One project that held his heart was a mission to raise funds for a school in India, specifically geared for young women who had little or no opportunity to earn a secondary education. Bright and willing to work hard, this was their chance to live a dream.

 

The pastor spoke of this mission often and began to melt the heart of the widow. She didn’t have much after banking the government check for her children, paying the bills, and buying the weekly groceries.

 

But she thought about her free high school education, so many years ago, and her older brother’s offer to pay her tuition for college, if she wanted it. So, she decided to support one special girl attending that school in far off India.

           

She gave faithfully every month, until the young girl completed her studies. This woman, a widow, kept the ripple effect of her life going, and doubled her Master’s talents. She was a true servant of God.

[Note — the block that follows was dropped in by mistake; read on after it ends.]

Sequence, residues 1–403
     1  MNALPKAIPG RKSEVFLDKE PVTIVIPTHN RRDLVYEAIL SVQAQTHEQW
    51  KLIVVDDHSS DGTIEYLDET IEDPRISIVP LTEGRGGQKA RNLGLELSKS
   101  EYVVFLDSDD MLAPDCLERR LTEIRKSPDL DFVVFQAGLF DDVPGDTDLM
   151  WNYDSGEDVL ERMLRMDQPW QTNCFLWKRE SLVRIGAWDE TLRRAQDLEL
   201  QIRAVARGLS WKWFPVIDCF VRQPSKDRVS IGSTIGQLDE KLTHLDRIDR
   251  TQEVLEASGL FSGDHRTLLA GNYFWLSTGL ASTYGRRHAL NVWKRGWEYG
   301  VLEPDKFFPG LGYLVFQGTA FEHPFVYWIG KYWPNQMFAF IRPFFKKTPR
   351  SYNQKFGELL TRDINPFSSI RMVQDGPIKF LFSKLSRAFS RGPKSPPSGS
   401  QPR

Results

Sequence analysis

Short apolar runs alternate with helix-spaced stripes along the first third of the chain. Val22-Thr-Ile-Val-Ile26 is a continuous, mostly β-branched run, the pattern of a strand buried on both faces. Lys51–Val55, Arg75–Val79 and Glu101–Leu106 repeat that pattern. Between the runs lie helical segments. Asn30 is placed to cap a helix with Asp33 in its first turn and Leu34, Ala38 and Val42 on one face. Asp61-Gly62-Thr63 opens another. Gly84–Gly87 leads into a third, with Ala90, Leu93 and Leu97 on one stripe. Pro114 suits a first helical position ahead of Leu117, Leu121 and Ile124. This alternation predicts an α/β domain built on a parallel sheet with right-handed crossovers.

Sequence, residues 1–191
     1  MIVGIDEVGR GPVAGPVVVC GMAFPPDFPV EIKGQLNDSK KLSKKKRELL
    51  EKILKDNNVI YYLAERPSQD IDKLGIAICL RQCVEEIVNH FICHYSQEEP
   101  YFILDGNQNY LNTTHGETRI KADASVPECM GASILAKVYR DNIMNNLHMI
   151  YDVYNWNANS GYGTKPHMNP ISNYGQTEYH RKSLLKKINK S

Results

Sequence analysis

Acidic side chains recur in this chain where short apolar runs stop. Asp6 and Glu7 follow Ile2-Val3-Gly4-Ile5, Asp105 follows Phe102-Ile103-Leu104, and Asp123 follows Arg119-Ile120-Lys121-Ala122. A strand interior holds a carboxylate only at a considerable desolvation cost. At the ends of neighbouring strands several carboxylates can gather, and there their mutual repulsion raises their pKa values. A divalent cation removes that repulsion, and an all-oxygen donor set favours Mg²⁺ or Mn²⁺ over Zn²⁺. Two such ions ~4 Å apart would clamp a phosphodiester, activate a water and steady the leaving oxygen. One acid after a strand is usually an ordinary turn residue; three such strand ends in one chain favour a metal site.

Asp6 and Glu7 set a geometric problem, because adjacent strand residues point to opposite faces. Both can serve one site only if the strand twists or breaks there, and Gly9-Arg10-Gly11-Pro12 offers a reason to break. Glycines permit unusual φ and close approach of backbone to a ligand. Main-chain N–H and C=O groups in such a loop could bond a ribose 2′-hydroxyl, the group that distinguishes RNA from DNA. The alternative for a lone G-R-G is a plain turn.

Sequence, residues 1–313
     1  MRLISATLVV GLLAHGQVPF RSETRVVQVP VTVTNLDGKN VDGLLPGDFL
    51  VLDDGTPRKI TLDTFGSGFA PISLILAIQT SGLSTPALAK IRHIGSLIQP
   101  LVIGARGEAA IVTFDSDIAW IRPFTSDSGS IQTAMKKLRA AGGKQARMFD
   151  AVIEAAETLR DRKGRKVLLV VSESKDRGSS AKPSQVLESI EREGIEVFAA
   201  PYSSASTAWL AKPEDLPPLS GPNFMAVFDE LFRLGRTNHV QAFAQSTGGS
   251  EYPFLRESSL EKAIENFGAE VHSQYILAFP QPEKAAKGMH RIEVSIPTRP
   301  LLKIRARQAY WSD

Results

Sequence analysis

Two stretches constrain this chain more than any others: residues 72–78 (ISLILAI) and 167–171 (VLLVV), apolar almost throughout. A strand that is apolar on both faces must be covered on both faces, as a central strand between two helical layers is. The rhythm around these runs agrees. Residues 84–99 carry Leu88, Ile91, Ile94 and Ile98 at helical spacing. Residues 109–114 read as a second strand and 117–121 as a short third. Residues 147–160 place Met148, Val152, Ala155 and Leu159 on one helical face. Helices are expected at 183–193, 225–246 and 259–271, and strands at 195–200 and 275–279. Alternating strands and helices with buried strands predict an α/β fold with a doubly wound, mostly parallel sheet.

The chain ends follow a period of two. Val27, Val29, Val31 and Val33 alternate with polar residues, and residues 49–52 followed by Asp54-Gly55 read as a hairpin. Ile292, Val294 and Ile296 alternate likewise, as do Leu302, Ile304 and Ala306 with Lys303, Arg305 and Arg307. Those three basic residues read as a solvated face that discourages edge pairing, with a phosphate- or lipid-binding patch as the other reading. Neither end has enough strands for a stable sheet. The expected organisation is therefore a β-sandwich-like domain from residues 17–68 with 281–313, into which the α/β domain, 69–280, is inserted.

In the second story we hear about another servant. His name is Paulo Coelho. He had had a hard life in his native country of Brazil. His family was financially comfortable, and middle class. His father was an engineer who had no use for the creative arts.

           

When his parents couldn’t suppress Paulo’s passion for writing, which he had discovered during his strict Jesuit education, they thought he was mentally ill, and at seventeen, put him into a mental institution where he suffered greatly.

           

Then in the late 1960’s, Brazil was ruled by a “repressive military regime”. Now 21 and out on his own, Paulo joined an organization called the Alternative Society which fought for the individual’s right to free expression. Something as simple as “publishing a series of comic strips calling for more freedom” led to his being kidnapped and suffering greatly again.